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Opinion: Outsourcing intelligence work is a slippery slope

The CIA still hires a lot of private contractors. How many is too many? And where will it stop?

Blackwater Chief Executive Erik Prince testifies before the House Oversight and Government Reform Committee on security contracting in Iraq and Afghanistan on Capitol Hill in Washington, Oct. 2, 2007. Guards from Blackwater, perhaps the most famous of private security contractors, killed 17 unarmed Iraqis in 2007, which got the firm in trouble. It lost its contract to protect the State Department officials in Iraq, and subsequently changed its name to “Xe.” (Larry Downing/Reuters)

BOSTON — The CIA’s outsourcing of black operations was back in the news last week. In June, President Barack Obama’s man in Langley, Leon Panetta, pulled the plug on a private security firm’s contract to help locate and assassinate terrorists, but it was revealed that private contractors are also loading and servicing Predator drones in Afghanistan. The triggers are still pulled remotely from the agency’s headquarters in suburban Virginia.

During the Bush administration, private contractors were involved with interrogating prisoners and sometimes subjecting them to torture. The Obama administration has put an end to that, too, but I was startled to read that 25 percent of this country’s intelligence work force is made up of private contractors along with perhaps 70 percent of the budget.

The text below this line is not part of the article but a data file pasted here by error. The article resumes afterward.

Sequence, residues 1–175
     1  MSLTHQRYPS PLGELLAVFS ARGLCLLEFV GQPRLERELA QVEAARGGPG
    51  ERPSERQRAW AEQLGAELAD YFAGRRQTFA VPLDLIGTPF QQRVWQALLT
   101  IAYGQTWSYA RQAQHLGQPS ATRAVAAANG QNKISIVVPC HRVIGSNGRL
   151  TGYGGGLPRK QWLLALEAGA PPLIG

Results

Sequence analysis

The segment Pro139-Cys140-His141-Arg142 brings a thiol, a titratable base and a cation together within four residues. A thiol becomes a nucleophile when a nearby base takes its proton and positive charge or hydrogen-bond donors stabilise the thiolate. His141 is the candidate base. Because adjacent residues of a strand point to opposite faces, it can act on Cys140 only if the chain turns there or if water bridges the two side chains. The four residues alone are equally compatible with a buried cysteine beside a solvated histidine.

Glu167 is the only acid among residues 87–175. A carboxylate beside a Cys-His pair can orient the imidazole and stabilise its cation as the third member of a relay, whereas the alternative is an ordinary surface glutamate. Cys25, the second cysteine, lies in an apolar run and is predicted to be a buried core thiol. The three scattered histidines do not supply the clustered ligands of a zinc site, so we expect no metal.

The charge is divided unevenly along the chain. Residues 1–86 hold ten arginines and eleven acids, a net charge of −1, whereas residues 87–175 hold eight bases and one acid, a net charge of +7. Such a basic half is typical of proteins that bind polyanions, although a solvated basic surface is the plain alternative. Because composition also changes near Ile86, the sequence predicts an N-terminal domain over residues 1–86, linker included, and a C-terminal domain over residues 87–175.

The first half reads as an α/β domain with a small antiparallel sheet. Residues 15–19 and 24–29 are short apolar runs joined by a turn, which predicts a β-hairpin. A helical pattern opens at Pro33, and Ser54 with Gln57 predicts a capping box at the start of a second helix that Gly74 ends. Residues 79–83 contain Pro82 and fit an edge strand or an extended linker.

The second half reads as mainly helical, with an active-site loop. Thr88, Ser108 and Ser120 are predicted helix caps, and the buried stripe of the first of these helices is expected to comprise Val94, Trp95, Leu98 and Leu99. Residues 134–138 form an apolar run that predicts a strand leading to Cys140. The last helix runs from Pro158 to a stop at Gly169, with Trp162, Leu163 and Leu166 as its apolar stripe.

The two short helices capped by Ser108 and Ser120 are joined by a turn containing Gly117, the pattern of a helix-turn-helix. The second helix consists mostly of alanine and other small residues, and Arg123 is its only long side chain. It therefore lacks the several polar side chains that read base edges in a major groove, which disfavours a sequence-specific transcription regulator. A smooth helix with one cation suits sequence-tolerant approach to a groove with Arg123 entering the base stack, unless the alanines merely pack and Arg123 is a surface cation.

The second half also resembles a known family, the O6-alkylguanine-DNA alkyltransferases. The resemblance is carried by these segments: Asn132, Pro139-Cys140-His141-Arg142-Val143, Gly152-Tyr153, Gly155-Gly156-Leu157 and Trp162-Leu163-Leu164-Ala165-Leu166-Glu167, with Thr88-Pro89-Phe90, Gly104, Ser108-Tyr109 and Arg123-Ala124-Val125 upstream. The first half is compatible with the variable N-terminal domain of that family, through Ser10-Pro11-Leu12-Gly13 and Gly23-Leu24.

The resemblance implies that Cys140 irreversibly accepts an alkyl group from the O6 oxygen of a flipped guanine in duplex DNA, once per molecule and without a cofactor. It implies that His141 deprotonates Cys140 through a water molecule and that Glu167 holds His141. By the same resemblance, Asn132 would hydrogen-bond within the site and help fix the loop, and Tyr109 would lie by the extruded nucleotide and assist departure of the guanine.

The CIA has always sought outside help and expertise when it needed it. A relative of mine was asked to hastily help in getting a hold of some airplanes to bomb Quatamala City in 1950s when Guatamala fell out of favor with the United States. During the wars in Indochina the CIA ran a contract airline called Air America that became famous in its own right. As former director of central intelligence, General Michael Hayden, has said: “There are skills we don’t have in government that we may have an immediate requirement for.” The CIA has reached into private firms and universities to garner expertise over the years. Add to that a general pullback of resources after the end of the Cold War, and one can sympathize with the need to outsource to react to 9/11.

Controversy will continue over whether, and how much the Bush administration broke the law by keeping all of this from Congress. Senator Dianne Feinstein, head of the Senate Intelligence Committee, has said that “every single intelligence operation and covert action must be briefed to the Congress. If they are not, that is a violation of the law.”

There is always tension between those who run clandestine operations and those tasked with oversight. One of the problems has been that Congress has trouble keeping secrets, and leaks can prove fatal. On the other hand, governments always long for less supervision. The Reagan administration toyed with an idea of an off-the-books intelligence operation, a sort of secret CIA that could avoid scrutiny. Mercifully for the republic, it never came to fruition.

The emphasis on secrecy in the Bush administration, however, went beyond the normal, and led to frightening abuses. It is easy to see how a devastating terrorist attack, coinciding with a political leadership of the likes of Dick Cheney, could push this country sliding toward a police state.